new build and hence minimise the need to remove any heat, cold or moisture that outside air would bring in. This approach is strongly endorsed in the new BSI guidance. As Architype’s Mark Barry explains, this advice grew out of the experience of the archives inspectorate, which monitors a lot of archive buildings and observed that more thermally massive and airtight buildings (often the older ones) are a lot more stable, and give a much longer safety margin if plant malfunctions. The guidance underlines the importance of airtightness, and as M&E lead Andy Jarvis of E3 explains: “Airtightness was a critical part of the strategy, and we achieved an airtightness of 0.35 ach at 50 Pascals over the whole building.” Close teamwork between the design team and contractor Kier, to deliver such a tight building, was a pleasure, Nick Grant recalls: “This was a real two-way process that moved everyone’s knowledge forward. Project manager Jeremy Mann rose to the challenge and achieved an outstanding result, often rolling up his sleeves to do some of the more fiddly details himself.” Alongside the complexity, another problem found in many archive buildings is heat leaking into the archive rooms from adjacent spaces occupied by staff and public visitors.
(top) part of the Limetec system that clads the timber frame building; (above) the timber frame structure from Cygnum was fully filled with Warmcel insulation; (below) the two parts of the building, concrete and timber frame, sit side-by-side, but are thermally independent; (bottom) the repository itself is basically a big concrete box with a Warmcel-insulated larsen truss system externally, covered here in Bitroc board; (P39) the timber building has a generous amount of glazing to make the most of the views outside, with shading above each run of glass to minimise summer overheating
As Architype’s Mark Barry observes:“ You can get separate bits of conditioning plant in adjacent parts of the building basically fighting each other: if archives and office spaces are not thermally completely separated, you get the cooling system fighting to cool one part of the building, with the heating next door fighting to warm it up the other side of the wall, and this spirals until both plants are going flat out. No wonder the bills get so high.” This situation can be exacerbated because it is common for archive buildings to devote an entire floor at street level to offices and public spaces. Isolating one storey of a building thermally from another – especially if there is a heavy structure higher up – is extremely difficult, because of the need for a strong structure to pass right up through the building. But in Hereford, the team proposed to tackle this very simply – by placing the two parts of the building side-by-side, with a fully insulated cavity between, allowing them to operate independently. The temperature in a passive house does change noticeably in response to the sun: and this tends to be welcomed in winter, though sometimes solar gain is limited by shading in summer. However an archive is really a lot better off kept in the dark, so a windowless block was proposed for the repository, removing those fluctuations. The team was convinced their approach would work well, would use spectacularly less energy than the norm, and would cost less to build as well. There was nevertheless pressure to cling to the ‘standard’ route: to design a heavily conditioned archive and then, because of the council’s ambitions for sustainability, to install renewables to ‘offset’ the energy use, in order to reach the Breeam Very Good standard. A crunch point came when the budget hit a wall, and it looked as though there would be no new archive, and the collection would be sent out of the county after all. But Architype and their colleagues were able to offer Herefordshire Council a way out. “We said to the client if you go for passive house instead of Breeam, we will be able to design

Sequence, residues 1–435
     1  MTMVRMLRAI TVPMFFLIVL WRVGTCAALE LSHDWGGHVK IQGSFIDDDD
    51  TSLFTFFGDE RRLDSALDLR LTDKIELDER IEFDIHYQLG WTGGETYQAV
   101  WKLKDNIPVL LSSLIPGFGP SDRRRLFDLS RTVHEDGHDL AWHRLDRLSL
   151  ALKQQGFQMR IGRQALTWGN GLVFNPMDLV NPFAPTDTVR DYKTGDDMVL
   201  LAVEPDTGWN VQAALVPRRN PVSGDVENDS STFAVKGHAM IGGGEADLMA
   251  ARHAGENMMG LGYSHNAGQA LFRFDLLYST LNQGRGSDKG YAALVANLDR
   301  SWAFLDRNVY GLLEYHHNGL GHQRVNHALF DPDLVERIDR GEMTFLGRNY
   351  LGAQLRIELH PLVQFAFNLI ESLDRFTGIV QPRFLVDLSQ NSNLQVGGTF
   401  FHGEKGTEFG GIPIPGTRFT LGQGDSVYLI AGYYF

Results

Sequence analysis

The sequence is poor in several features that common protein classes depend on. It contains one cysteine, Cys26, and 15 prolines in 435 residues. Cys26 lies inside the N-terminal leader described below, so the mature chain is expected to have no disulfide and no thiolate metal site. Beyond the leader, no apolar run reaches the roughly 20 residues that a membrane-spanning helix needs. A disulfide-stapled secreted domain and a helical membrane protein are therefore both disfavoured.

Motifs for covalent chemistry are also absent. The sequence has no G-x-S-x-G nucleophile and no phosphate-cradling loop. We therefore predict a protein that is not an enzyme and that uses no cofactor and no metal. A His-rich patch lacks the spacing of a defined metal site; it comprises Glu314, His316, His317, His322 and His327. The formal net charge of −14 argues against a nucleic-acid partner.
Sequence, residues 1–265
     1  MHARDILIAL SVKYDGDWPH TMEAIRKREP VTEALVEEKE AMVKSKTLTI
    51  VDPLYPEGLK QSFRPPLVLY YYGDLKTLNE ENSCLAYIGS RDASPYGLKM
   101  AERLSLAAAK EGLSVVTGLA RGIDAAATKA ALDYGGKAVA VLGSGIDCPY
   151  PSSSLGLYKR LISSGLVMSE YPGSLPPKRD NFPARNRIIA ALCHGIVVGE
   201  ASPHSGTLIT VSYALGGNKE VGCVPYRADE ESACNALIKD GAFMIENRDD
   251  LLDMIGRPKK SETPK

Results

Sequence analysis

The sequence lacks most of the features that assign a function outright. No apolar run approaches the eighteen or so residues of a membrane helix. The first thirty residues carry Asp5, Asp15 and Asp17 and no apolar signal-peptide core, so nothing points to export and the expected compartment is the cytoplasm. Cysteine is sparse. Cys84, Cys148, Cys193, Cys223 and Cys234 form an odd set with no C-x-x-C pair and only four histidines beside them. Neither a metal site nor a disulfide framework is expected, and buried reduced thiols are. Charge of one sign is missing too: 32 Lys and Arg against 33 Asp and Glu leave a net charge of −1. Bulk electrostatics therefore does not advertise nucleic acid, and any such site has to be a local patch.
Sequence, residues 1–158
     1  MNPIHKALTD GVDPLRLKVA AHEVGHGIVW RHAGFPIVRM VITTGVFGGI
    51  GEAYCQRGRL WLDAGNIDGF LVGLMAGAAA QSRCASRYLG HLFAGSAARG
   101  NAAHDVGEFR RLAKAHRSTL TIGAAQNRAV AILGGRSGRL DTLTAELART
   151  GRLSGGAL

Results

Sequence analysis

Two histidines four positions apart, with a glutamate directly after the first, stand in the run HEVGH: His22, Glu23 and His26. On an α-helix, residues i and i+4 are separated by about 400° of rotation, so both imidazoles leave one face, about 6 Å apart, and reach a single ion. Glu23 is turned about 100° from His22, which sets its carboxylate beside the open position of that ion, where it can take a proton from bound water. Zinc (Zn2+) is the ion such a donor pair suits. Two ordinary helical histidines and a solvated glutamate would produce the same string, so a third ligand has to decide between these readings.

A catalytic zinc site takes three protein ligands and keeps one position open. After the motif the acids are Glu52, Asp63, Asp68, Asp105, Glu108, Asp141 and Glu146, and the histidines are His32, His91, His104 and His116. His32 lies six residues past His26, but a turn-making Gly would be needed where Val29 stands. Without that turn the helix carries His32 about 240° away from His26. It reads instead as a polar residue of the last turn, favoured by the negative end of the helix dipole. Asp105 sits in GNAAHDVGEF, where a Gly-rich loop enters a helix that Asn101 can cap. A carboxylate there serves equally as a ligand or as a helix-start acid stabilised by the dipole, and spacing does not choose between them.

a much more stable building with very low energy use, with very little to go wrong,” Mark Barry recalls. The passive house scheme was costed, and showed an estimated 4.5% saving on build costs, plus around £60,000 a year in running cost savings, compared to other facilities built to current standards.” The council said yes, and the Herefordshire Archive and Records Centre (Harc) got under way, with construction starting in August 2013, and a staged handover beginning in late 2014. As Andy Jarvis of E3 explains, the quality of the fabric is what ended up saving the money: “In a ‘standard’ archive, control systems are needed to counter influences on the space from heat and cold, air, lights, and people — you then need the dehumidification, cooling etc of the spaces. We are keeping these influences out and avoiding all that expense. We were able to deliver this at a very low price, well below the benchmark for this kind of facility.” Jarvis says there is a big difference between the new and old British standards for archives. “The upgrade [in standards] is a very good thing! It recognises that passive design is more advantageous and points to [thermal] mass, high insulation, and to controlling inputs — of air in particular via airtightness, also light and so forth. “It also nods towards the ability for conditions to move alongside seasonal changes, allowing the conditions to float within a band. It’s a more flexible approach, and was a key element in allowing the client and the team to think how spaces would work seasonally, rather than seeking rigid all year round control.” However as this building is — we believe — the first public archive to be designed and built to these new standards, the team also undertook extensive modelling: “We analysed the design under a huge range of parameters,” Andy Jarvis recalls, putting it though its virtual paces across all kinds of conditions. “The building is meant to last a very long time, so we modelled its behaviour against London climate data as well as Hereford’s, to simulate its behaviour in a changing climate.” Although everyone was keen to understand the figures, the passive house approach also chimed with the archivists’ own experience. “It was great to have the archivists as part of the team; they gave valuable inputs from their experiences with other buildings,” Andy Jarvis says. “They appreciated the benefits of a more passive approach, having had experience with more complicated systems.” As a result of the modelling E3 added the capacity to cool and dehumidify the minimal amount of supply air, so that internal conditions would stay on target during a hot humid summer. “We believe that the contents of the archives will provide ample buffering to ensure there are not unwanted swings in humidity, but by adding the conditioning we can directly control the air in the archive as well, to give additional reassurance to the client,” says Nick Grant. The small amount of heat required in winter (around 1kW to each floor) is provided via air which is recirculated through small air handling units, keeping plumbing out of the archive storage rooms. Recirculation was used because the fresh air ventilation rate required is too